“The Almost People” – Review: Redux

Rory “You’re going to have to start explaining some of this to me, Doctor.”
Doctor “What, the birds and the bees? She’s having a baby. I needed to see the Flesh in its early days. That’s why I scanned it, that’s why we were there in the first place. I was going to drop you off for fish and chips first but things happened and there was stuff and shenanigans. Beautiful word. Shenanigans”

The Almost People

When it finally arrived, the second episode, with the added frisson of a second Doctor and the knowledge (courtesy of some pre-broadcast publicity) that “something big” was about to happen, probably exceeded the first in the entertainment stakes. Right from the fan-delighting “Reverse the jelly baby of the neutron flow” in the pre-titles section, the plot tied all its threads together beautifully. However, it is the retrospective perspective that is fascinating here. The second viewing means that one can enjoy the irony of Amy looking down her nose at the “fake” Doctor, why all the while appreciating that it is Amy herself who is the fake one and that the Doctor who, by virtue of a subtle switcheroony, is the real McCoy, so to speak. The two Doctors also gives reign to Matt Smith to let loose his acting prowess and he gives a fine performance in what must have been a challenging pair of roles. It is also clearly an episode that Matt Smith could not have delivered with any kind of aplomb any earlier in his tenure. It is his maturity in the role that allows “The Almost People” to work

The location work at all the various castles in the bleakest of midwinters that were highlighted in the accompanying Doctor Who Confidentials were worth all the effort once the on-screen visuals came to life and, as is becoming wonderfully common in this series, the lighting and direction and overall production values combined to deliver another entirely submersive world to escape to for forty-five minutes, erm, twice. Michael Pickwoad deserves much credit for his work in this regard. However, it is the cast who deserve much credit. Despite the publicity revealing that there would be a big reveal at the end, and thus possibly resulting in the fact that all the pre-amble could be easily dismissed, most of the cast have to deliver twice the normal workload as the Ganger doubles go about their business. Most of the plaudits going to Raquel Cassidy as Cleaves who gives the role a depth and substance that echoes any moral dilemma that the viewer may care to ponder.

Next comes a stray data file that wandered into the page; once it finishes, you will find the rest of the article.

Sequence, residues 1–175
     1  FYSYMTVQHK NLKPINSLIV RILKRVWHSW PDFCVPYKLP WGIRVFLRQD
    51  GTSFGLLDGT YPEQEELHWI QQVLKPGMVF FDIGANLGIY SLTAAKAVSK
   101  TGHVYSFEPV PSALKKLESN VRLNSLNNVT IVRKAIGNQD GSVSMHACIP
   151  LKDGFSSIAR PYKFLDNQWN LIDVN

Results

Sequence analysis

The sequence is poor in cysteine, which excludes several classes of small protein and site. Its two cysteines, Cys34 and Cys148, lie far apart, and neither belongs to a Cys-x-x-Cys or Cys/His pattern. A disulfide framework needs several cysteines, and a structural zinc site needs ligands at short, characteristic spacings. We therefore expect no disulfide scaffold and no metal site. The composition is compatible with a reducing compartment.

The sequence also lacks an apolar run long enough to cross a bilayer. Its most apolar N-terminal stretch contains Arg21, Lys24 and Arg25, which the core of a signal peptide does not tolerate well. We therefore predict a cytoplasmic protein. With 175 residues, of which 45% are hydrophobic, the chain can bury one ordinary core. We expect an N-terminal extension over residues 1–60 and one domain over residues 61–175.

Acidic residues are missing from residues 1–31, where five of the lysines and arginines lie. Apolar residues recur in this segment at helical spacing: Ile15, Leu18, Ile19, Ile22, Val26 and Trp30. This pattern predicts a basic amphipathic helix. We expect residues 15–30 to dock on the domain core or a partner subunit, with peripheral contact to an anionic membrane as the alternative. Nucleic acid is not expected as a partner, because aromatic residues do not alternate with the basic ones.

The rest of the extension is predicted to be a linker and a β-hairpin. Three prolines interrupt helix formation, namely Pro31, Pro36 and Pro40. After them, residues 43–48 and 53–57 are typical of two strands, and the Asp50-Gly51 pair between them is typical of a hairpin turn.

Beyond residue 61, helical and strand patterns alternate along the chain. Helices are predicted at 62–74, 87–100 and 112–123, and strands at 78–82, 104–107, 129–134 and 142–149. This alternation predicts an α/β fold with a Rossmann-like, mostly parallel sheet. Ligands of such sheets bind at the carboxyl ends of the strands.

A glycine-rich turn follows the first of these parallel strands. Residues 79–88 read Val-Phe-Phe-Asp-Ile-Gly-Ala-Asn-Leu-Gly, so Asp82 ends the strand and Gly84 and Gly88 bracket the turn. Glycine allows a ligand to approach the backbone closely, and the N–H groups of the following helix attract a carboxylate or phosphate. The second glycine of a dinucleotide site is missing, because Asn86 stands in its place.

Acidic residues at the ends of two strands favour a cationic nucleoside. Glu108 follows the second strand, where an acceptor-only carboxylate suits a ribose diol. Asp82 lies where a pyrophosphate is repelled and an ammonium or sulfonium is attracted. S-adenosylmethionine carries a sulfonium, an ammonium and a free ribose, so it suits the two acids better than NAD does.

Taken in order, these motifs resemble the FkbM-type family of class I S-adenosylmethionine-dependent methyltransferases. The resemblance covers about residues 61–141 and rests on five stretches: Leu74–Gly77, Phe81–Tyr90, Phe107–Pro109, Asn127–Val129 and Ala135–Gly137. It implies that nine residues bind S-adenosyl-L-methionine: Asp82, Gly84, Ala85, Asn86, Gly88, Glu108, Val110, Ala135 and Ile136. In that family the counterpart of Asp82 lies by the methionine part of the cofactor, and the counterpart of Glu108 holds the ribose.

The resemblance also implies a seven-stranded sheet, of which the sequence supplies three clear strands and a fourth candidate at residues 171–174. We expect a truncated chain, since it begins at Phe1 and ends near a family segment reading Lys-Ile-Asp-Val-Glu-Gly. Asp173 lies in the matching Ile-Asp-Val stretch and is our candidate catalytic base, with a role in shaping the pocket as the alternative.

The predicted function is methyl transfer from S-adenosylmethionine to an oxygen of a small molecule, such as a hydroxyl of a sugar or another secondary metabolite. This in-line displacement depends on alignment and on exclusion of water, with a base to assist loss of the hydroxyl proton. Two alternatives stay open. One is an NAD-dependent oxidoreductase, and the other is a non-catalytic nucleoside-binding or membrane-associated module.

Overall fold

We then arrive, inevitably, at the final ten minutes. As the Doctor reveals his shoe-swapping double-cross, the viewer might still not be entirely sure why he did it. Then the Doctor / Ganger sacrifices himself along with Cleaves’ Ganger but not before “our” Doctor says that there is a chance he could survive this. I immediately thought that this could lead to resolve, in some way, the series’  biggest mystery of how the Doctor died on the beach in Utah. Soon disregarded by the fact that there was a clear comment out of the mouths of the production team (Steven Moffat lies!) that the Doctor on the Utah shorefront was definitely not a duplicate? My mind was soon brought straight back in to the action once the TARDIS had dropped off the survivors from the island, when Amy’s not quite phantom pregnancy began to enter its final stages. I think the word I was looking at this point was… “Wow”. I never saw it coming. Right there in the TARDIS a flick of the sonic screwdriver reduced Amy to a pile of goo, and we flashed over to Madame Kovarian’s infirmary where the real Amy was about to give birth. Birthshock! as Doctor Who Magazine so cleverly put it.

If I am to express any concern as to the direction that Steven Moffat’s DW is taking, it is that the complexity of the plots may be leaving some viewers a little alienated from it. However, I hope that this retrospective proves that thought wrong. The viewers are very used to following a story week-to-week, revelling in the wild magnificence of it all and starting to realise that this an infinitely more rewarding television experience than the abject glossy floor shows that are so frequently in opposition to Doctor Who over on ITV.

Highlight: The realisation that this is a more important story in the ongoing story than it initially looked.

Lowlight: Not quite enough story to warrant 90 minutes.

Talking Point: Too much arc story, or just enough?

Demon’s Run Rating: 15 out of 20

Original BBC1 Broadcast: 28th May 2011

Marathon Status: 80 of these things done now!

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